»Configuring Ingress Controllers with Consul on Kubernetes

This page describes a general approach for integrating Ingress Controllers with Consul on Kubernetes to secure traffic from the Controller to the backend services. This allows Consul to transparently secure traffic from the ingress point through the entire traffic flow of the service.

A few steps are generally required to enable an Ingress controller to join the mesh and pass traffic through to a service:

  • Enable connect-injection via an annotation on the Ingress Controller's deployment: consul.hashicorp.com/connect-inject is true.

  • Using the following annotations on the Ingress controller's deployment, set up exclusion rules for its ports.

    • consul.hashicorp.com/transparent-proxy-exclude-inbound-ports - Provides the ability to exclude a list of ports for inbound traffic that the service exposes from redirection. Typical configurations would require all inbound service ports for the controller to be included in this list.
    • consul.hashicorp.com/transparent-proxy-exclude-outbound-ports - Provides the ability to exclude a list of ports for outbound traffic that the service exposes from redirection. These would be outbound ports used by your ingress controller which expect to skip the mesh and talk to non-mesh services.
    • consul.hashicorp.com/transparent-proxy-exclude-outbound-cidrs - Provides the ability to exclude a list of CIDRs that the service communicates with for outbound requests from redirection. It is somewhat common that an Ingress controller will expect to make API calls to the Kubernetes service for service/endpoint management. As such including the ClusterIP of the Kubernetes service is common.
# An example list of pod annotations for an ingress controller, which need be applied to PODS for the controller, not the deployment itself.
  podAnnotations:
    consul.hashicorp.com/connect-inject: "true"
    # Add the container ports used by your ingress controller
    consul.hashicorp.com/transparent-proxy-exclude-inbound-ports: "80,8000,9000,8443"
    # And the CIDR of your Kubernetes API: `kubectl get svc kubernetes -o jsonpath='{.spec.clusterIP}'
    consul.hashicorp.com/transparent-proxy-exclude-outbound-cidrs: "10.108.0.1/32"
# An example list of pod annotations for an ingress controller, which need be applied to PODS for the controller, not the deployment itself.  podAnnotations:    consul.hashicorp.com/connect-inject: "true"    # Add the container ports used by your ingress controller    consul.hashicorp.com/transparent-proxy-exclude-inbound-ports: "80,8000,9000,8443"    # And the CIDR of your Kubernetes API: `kubectl get svc kubernetes -o jsonpath='{.spec.clusterIP}'    consul.hashicorp.com/transparent-proxy-exclude-outbound-cidrs: "10.108.0.1/32"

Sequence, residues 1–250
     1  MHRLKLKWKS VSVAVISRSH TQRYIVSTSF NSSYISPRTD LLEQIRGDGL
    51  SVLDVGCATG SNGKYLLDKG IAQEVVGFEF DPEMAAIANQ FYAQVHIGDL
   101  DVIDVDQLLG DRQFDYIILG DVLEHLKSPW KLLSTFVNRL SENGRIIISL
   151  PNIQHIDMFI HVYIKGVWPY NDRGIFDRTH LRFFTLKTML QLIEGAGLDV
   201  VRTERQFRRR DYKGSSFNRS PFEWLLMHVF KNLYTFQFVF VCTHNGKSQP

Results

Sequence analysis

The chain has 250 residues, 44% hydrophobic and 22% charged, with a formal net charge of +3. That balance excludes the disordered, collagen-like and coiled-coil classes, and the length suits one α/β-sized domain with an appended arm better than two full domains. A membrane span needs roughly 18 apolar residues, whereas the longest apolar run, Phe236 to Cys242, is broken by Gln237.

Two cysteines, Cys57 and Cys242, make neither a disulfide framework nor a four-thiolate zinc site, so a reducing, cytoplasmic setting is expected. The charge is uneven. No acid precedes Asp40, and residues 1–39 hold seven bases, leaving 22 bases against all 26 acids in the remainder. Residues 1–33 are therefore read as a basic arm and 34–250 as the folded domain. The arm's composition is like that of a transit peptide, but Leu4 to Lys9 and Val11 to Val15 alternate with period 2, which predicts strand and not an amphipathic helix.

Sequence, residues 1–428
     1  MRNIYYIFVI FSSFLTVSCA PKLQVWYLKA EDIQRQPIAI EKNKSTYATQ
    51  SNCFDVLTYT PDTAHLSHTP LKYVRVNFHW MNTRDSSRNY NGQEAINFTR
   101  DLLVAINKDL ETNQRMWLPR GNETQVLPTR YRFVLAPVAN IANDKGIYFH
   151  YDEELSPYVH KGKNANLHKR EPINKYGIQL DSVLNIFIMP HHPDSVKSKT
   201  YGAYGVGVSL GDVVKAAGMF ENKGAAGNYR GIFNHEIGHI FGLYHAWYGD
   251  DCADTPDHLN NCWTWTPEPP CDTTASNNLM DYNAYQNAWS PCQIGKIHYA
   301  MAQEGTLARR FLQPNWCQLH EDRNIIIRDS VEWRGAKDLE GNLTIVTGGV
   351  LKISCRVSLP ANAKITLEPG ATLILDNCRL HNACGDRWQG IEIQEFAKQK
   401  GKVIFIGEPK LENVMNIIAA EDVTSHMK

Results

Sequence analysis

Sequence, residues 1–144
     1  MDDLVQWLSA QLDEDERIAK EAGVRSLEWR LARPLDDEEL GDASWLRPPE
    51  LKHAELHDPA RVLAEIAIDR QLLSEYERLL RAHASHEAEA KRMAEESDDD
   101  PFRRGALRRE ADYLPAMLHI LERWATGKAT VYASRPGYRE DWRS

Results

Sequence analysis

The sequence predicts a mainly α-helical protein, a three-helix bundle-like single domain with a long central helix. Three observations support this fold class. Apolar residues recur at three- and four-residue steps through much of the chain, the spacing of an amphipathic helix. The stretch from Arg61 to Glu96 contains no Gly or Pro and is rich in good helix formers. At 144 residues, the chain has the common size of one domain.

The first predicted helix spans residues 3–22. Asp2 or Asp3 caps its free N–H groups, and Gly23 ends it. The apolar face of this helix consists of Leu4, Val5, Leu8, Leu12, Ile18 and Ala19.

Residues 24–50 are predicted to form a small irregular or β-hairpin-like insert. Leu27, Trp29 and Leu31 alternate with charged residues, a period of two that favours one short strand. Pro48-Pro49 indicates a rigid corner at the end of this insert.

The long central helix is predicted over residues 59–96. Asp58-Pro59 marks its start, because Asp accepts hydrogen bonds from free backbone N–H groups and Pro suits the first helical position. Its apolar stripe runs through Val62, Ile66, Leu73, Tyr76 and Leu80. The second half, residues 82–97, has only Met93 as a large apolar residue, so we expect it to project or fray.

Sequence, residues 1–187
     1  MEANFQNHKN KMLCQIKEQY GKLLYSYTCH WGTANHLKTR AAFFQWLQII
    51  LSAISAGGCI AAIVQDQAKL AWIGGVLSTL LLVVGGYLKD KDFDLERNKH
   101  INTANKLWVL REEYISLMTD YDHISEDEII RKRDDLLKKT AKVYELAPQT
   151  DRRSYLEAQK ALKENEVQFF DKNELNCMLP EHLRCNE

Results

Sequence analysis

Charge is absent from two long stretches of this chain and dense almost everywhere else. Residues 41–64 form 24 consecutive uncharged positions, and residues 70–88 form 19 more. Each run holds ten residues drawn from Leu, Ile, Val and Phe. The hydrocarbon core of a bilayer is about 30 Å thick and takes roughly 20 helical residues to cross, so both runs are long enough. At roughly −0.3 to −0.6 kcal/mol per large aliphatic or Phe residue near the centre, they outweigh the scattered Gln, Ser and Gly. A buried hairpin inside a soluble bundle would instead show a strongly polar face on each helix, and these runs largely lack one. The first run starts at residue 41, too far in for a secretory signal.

• If the Ingress controller acts as a LoadBalancer and routes directly to Pod IPs instead of the ClusterIP of your Kubernetes Services a ServiceDefault CRD must be applied to each backend service allowing it to use the dialedDirectly features. By default this is disabled.

    # Example Service defaults config entry
    apiVersion: consul.hashicorp.com/v1alpha1
    kind: ServiceDefaults
    metadata:
      name: backend
    spec:
      transparentProxy:
        dialedDirectly: true
    
    # Example Service defaults config entryapiVersion: consul.hashicorp.com/v1alpha1kind: ServiceDefaultsmetadata:  name: backendspec:  transparentProxy:    dialedDirectly: true
  • An intention from the Ingress Controller to the backend application must also be applied, this could be an L4 or L7 intention:

    # example L4 intention, but an L7 intention can also be used to control access to specific routes.
    apiVersion: consul.hashicorp.com/v1alpha1
    kind: ServiceIntentions
    metadata:
      name: ingress-backend
    spec:
      destination:
        name: backend
      sources:
        - name: ingress
          action: allow
    
    # example L4 intention, but an L7 intention can also be used to control access to specific routes.apiVersion: consul.hashicorp.com/v1alpha1kind: ServiceIntentionsmetadata:  name: ingress-backendspec:  destination:    name: backend  sources:    - name: ingress      action: allow

»Common Configuration Problems:

  • The Ingress Controller's ServiceAccount name and Service name differ by default in some platforms. Consul on Kubernetes requires the ServiceAccount and Service to have the same name. To resolve this be sure to explicitly set ServiceAccount name the same as the ingress controller service name using it's respective helm configurations.

  • If the Ingress Controller does not have the correct inbound ports excluded it will fail to start and the Ingress' service will not get created, causing the controller to hang in the init container. The required container ports are not always readily available in the helm charts, so in order to resolve this examine the ingress controller's underlying pod spec and look for the required container ports, adding these to the consul.hashicorp.com/transparent-proxy-exclude-inbound-ports annotation on the ingress controller deployment.

»Examples:

Here are a couple example configurations which can be used as reference points in setting up your own ingress controller configuration! These were used in dev environments and are not intended to be fully supported but should provide some idea how to extend the information above to your own uses cases.